Cutler Institute for Health and Social Policy

Population Health and Health Policy

Improving Health Outcomes for Children (IHOC): Summary of pediatric quality measures for children enrolled in MaineCare FFY 2009 - FFY 2012


This report, authored by USM Muskie School research staff, presents the results of the 16 CHIPRA Core Measures that were collected using MaineCare claims or Vital Statistics data and reported in the State of Maine’s FFY 2012 CHIP Annual Report to the Centers for Medicare and Medicaid Services (CMS). Also included in this report are an additional three measures from the Improving Health Outcomes for Children (IHOC) project’s Master List of Pediatric Measures. In addition to presenting results in graphs and narrative, this report also provides measure definitions and background information about each measure topic.

The goal of this document is to present the claims- and vital statistics-based CHIPRA and IHOC measure results in a user-friendly format for IHOC project stakeholders. Measures are grouped by topic. For each topic, a Background section provides a brief description and rationale for collection. (The background discussion for CHIPRA Core Measures is drawn from the Background Report for the Initial, Recommended Core Set of Children’s Healthcare Quality Measures for Voluntary Use by Medicaid and CHIP Programs. Available at: Next, we provide a general description of how each measure is defined, followed by the results.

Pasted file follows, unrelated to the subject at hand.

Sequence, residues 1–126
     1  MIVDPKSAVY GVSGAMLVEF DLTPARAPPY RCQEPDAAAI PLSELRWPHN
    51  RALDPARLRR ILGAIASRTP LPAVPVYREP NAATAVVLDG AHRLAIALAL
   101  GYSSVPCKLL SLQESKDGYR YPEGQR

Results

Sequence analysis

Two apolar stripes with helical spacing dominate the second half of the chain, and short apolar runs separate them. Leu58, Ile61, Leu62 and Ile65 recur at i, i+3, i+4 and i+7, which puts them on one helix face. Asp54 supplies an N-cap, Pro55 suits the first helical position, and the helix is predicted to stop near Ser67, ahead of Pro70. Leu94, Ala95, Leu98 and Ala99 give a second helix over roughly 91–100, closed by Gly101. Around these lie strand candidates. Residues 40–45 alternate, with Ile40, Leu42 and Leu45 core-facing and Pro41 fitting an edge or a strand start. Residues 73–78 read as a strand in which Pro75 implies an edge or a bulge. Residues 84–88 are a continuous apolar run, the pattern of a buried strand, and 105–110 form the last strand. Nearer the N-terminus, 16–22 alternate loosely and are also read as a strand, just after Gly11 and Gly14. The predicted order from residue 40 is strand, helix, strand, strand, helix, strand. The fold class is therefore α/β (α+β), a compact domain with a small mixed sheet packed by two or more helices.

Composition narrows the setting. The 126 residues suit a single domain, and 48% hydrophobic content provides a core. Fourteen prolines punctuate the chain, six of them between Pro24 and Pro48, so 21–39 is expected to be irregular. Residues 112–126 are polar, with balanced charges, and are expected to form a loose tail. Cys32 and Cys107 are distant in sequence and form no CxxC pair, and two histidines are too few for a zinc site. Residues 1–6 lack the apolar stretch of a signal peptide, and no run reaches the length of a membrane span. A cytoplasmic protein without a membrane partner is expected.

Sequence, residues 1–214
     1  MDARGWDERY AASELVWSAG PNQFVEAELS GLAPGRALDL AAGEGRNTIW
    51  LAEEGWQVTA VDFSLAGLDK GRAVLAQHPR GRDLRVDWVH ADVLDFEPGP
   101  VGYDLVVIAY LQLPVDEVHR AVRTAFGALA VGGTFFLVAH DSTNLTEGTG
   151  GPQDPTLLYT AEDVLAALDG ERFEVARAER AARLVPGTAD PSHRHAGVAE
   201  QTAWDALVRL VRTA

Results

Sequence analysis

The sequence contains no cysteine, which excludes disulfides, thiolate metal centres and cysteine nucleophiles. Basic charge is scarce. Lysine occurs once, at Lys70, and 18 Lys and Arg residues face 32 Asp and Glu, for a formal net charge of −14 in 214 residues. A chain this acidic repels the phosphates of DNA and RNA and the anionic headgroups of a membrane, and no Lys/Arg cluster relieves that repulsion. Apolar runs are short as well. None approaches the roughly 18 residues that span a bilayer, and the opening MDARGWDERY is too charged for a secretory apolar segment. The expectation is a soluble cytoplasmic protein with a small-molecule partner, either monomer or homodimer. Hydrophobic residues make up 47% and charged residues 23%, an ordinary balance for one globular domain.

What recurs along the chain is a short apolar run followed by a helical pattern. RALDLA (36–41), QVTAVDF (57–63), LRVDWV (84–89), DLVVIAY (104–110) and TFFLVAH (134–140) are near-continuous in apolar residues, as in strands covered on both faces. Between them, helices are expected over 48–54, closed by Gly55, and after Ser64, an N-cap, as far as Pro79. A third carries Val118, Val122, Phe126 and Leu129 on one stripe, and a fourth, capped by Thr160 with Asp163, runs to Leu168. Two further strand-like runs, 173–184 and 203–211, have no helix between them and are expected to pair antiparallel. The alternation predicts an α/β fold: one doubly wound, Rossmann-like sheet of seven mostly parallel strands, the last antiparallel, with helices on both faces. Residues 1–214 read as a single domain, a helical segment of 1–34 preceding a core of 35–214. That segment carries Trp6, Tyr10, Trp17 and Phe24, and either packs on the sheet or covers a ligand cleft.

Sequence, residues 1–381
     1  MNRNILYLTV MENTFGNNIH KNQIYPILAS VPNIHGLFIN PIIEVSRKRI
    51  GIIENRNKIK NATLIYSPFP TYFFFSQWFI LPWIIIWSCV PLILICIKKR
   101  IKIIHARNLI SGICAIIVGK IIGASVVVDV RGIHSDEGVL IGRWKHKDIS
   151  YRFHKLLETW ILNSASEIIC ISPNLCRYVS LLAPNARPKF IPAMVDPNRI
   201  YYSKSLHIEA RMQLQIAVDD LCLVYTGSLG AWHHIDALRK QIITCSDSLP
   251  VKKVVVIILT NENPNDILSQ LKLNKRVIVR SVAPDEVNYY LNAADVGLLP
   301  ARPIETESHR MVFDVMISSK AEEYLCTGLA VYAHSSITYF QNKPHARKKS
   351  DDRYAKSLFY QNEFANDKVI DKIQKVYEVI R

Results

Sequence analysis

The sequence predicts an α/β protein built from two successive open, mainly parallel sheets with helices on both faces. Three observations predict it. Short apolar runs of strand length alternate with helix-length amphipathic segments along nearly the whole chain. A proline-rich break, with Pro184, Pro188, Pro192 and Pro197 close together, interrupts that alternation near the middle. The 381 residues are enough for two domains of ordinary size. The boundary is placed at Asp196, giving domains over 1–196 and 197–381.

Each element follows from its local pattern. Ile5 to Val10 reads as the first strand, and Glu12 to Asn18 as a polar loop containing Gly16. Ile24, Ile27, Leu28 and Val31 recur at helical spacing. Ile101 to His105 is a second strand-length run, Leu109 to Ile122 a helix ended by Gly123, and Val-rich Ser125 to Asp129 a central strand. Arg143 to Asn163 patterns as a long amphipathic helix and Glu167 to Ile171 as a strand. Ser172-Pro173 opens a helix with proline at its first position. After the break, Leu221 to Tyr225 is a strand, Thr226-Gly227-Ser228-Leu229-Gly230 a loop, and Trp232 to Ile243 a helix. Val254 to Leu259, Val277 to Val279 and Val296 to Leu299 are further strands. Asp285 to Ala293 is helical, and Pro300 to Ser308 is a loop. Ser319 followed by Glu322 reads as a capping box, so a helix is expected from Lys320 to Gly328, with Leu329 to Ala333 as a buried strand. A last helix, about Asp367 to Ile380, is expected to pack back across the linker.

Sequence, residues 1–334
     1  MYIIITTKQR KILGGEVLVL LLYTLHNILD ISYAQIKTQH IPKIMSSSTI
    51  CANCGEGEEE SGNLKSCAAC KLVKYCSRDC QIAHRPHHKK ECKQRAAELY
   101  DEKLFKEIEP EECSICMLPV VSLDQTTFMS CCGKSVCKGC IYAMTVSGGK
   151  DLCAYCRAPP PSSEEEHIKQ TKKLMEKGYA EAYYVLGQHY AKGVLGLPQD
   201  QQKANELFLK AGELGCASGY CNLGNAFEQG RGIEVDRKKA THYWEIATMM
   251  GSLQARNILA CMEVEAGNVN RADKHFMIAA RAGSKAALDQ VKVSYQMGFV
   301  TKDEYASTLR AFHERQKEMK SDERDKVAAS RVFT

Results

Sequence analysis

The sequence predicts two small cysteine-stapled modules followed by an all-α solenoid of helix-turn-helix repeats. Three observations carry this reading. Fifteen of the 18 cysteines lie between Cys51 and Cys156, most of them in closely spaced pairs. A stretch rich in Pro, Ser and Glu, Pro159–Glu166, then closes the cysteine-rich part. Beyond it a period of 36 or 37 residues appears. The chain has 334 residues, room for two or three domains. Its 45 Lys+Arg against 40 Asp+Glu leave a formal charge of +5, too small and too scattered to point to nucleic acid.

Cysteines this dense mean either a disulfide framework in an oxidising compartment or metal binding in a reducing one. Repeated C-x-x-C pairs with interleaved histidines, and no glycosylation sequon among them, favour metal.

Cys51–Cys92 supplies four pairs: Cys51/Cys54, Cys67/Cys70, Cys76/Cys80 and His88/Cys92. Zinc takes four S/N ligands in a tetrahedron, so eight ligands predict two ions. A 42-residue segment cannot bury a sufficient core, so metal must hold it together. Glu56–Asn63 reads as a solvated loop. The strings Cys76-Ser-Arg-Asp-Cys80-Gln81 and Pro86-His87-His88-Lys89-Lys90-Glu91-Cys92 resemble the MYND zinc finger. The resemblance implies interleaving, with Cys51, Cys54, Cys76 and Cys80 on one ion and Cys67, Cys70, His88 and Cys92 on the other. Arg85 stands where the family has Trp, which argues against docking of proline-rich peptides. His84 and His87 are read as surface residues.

Suggested citation: Anderson N, Meagher T. Improving Health Outcomes for Children (IHOC): Summary of Pediatric Quality Measures for Children Enrolled in MaineCare FFY 2009 - FFY 2012.   Portland, ME: University of Southern Maine, Muskie School of Public Service; April 2013.

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Publish Date: 
April 30, 2013

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Dr. Ziller to speak on Rural Implementation and Impact of Medicaid Expansions

The impact of the ACA Medicaid expansion on health care coverage and access in rural areas is largely unknown and will depend on the different state policy contexts in which the expansions are implemented and on existing system capacity. Understanding how many rural residents are likely to become newly eligible for Medicaid under the ACA, as well as their characteristics and health status, will provide important information to aid policymakers in structuring outreach and enrollment strategies and ensuring that the healthcare infrastructure and delivery systems in rural areas can address the needs of these individuals.

On March 18th, Dr. Ziller, Deputy Director of the Maine Rural Health Research Center at the University of Southern Maine, will present via a SHARE webinar, nationally representative information identifying rural-urban differences among low-income non-elderly adults (18 to 65) in the following areas:

  • Medicaid eligibility, pre-ACA
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Dr. Ziller will also analyze the characteristics associated with any rural-urban differences in the above areas. Characteristics to be considered include age, gender, employment, education, income, Census region, health status, current relationship to primary care provider, primary care supply, and FQHC availability.

This webinar is based on Dr. Ziller's research under a State Health Access Reform Evaluation (SHARE) grant to inform federal and state implementation of the ACA Medicaid expansion by estimating the size and characteristics of the rural population likely to be newly eligible.
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